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Lawrence, D. H. (1885-1930)  
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Throughout the fiction, poetry, and even plays (his 1926 David in part depicted the story of the Biblical David's friendship with Jonathan), Lawrence explored homosexual love in both male and female relations.

The Rainbow, for example, includes a character of obvious lesbian inclinations, Winifred Inger, and her emotional hold on Ursula Brangwen, and the novella The Fox explores the intimate friendship between two women as it is shattered by a male intruder to their farm.

Like Forster and Gide, Lawrence was fascinated by the mystique of sexual relations with working-class men; unlike them, however, he expounded this fascination from the perspective of the working-class artist.

Deeply suspicious of the effects of industrialization--he had himself witnessed it destroy the English landscape and the vestiges of communal culture--Lawrence grew to love primitive civilizations and all he imagined they offered in the way of expansive love.

Although he proselytized on behalf of the unconscious, Lawrence repudiated psychoanalysis's attempt at thoroughly calibrating human sexuality and criticized Freud's project as fomenting mere "sex in the head." Psychoanalysis, he believed, robbed modern man of the dark, mythic power inherent in true eros.

This belief in the mythopoetic value of the darkly erotic led him to stress nonverbalized expressions of homoerotic feeling, often with a violent, primitivist undercurrent. The much-anthologized story "The Prussian Officer" (1914), for example, portrays the masochistic yearning of an officer for the youthful soldier under his command in a tightly wrought narrative containing virtually no dialogue and ending with a dual death in an eerily peaceful forest.

Homosexual Desire in Lawrence's Writings

Lawrence's writing dealing with homosexuality poses unusual problems, for the novelist was highly conflicted in his attitude toward homosexual desire and was, in many ways, a social conservative of a markedly puritan temperament.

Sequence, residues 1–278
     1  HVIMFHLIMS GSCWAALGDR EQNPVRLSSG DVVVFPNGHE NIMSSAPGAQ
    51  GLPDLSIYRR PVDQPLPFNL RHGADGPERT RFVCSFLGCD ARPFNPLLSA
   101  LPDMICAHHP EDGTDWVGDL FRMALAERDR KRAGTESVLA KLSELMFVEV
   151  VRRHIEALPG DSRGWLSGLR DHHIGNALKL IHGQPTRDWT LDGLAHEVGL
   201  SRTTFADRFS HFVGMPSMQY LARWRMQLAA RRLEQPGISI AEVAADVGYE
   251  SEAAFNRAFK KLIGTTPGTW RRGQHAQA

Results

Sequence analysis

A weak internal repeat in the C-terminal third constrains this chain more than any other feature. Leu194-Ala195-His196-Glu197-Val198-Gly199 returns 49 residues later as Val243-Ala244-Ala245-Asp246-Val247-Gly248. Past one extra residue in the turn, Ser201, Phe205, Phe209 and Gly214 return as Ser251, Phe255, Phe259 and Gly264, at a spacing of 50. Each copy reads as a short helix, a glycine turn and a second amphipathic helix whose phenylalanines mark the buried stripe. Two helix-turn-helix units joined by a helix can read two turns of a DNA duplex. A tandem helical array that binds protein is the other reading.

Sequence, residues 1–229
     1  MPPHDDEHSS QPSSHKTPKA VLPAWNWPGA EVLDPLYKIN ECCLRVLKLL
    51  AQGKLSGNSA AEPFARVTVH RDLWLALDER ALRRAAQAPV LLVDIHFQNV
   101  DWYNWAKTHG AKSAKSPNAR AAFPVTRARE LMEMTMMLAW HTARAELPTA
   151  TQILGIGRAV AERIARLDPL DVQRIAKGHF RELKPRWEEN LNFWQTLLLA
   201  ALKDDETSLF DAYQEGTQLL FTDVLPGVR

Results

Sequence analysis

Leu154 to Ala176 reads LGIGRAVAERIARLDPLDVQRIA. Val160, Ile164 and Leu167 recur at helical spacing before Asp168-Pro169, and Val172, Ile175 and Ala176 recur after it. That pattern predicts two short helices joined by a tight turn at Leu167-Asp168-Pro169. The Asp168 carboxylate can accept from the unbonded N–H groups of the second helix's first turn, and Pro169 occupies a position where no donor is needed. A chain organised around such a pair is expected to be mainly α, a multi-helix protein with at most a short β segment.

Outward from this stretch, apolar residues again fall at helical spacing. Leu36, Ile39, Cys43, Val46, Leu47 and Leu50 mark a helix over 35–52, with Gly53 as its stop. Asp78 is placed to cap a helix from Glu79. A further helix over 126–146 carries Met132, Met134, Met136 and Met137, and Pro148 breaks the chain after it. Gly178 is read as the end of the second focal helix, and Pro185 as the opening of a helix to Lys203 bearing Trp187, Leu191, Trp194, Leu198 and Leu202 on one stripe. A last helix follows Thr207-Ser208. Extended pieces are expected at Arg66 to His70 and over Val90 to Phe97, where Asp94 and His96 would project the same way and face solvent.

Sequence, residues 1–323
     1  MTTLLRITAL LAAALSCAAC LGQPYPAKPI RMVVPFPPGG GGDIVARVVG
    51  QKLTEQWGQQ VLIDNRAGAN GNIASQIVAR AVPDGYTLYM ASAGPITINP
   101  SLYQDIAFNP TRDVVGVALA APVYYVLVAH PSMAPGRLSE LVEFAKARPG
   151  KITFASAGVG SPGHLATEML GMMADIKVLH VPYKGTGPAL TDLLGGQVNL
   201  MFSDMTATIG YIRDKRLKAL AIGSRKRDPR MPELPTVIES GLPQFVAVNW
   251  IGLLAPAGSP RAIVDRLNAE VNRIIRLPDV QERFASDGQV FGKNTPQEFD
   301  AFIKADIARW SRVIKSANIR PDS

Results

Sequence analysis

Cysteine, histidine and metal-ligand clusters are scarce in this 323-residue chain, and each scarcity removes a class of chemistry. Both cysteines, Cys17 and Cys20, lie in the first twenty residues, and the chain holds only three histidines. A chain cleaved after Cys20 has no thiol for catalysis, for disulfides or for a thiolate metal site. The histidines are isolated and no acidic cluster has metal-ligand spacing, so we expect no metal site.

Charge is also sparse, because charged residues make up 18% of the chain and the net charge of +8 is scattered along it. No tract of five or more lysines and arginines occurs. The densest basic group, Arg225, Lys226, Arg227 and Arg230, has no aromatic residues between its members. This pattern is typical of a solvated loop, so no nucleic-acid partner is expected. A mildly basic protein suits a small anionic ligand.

Many readers, moreover, have been troubled by Lawrence's glorification of what has been characterized as his misogynistic "cult of the phallus," as well as by the fascistic implications of his philosophy of "blood consciousness." Others have found Lawrence's often febrile, repetitive prose style to be an obstacle to a full appreciation of his work.

In addition, Lawrence's fictional endorsement of homosexual desire is generally represented as existing in conflict with either a fearful sexual domination by women or a repellently effete homosexual coterie. Thus Gudrun and the memorably malevolent bisexual German artist Loerke in Women in Love come to represent a deadly alliance that defeats Gerald in his unrealized love for Birkin.

Lawrence's own experiences with homosexual men were acrimonious; he once claimed that Bloomsbury homosexuals such as the painter Duncan Grant and the economist John Maynard Keynes made him "mad with misery and hostility and rage."

Lawrence, Whitman, and Carpenter

Still, Lawrence's torment over his own homosexual inclinations give his work an extraordinary, unsentimental force that is lacking in the fiction of more inwardly resolved writers of the day and that renders much of the period's homosexual writing restrained by comparison. In rejecting homosexual aestheticism for a more masculine credo and a devotion to savage nature, Lawrence is close in spirit to the English and American writers Edward Carpenter and Walt Whitman.

A great admirer of the American poet, Lawrence claimed to find in Whitman's Calamus poems "one of the clues to a real solution--a new adjustment. I believe in what he calls 'manly love', the real implicit reliance of one man on another ... only it must be deeper, more ultimate than emotion and personality, cool separateness and yet the ultimate reliance."

Women in Love

Women in Love, a masterpiece of modernist fiction, is the novelist's most daring exploration of homosexuality through its hero Birkin's search for a bisexual ethic as a way of transcending what Lawrence considered a crisis in English culture. The twin poles of Birkin's agonized erotic consciousness and his search for "two kinds of love," wedded to the novel's heightened sense of cultural fragmentation, lend Women in Love an exceptional tensile strength and apocalyptic magnitude.

In the novel's preface, Lawrence claimed the catastrophe of the Great War required that men form a bond lest "new life" be "strangled unborn within them." This statement is a more poetic expression of what the novel itself makes implicit and the Prologue rendered emphatic: Heterosexual marriage must acknowledge man's need to have the love of another man or else all will suffer a spiritual death.

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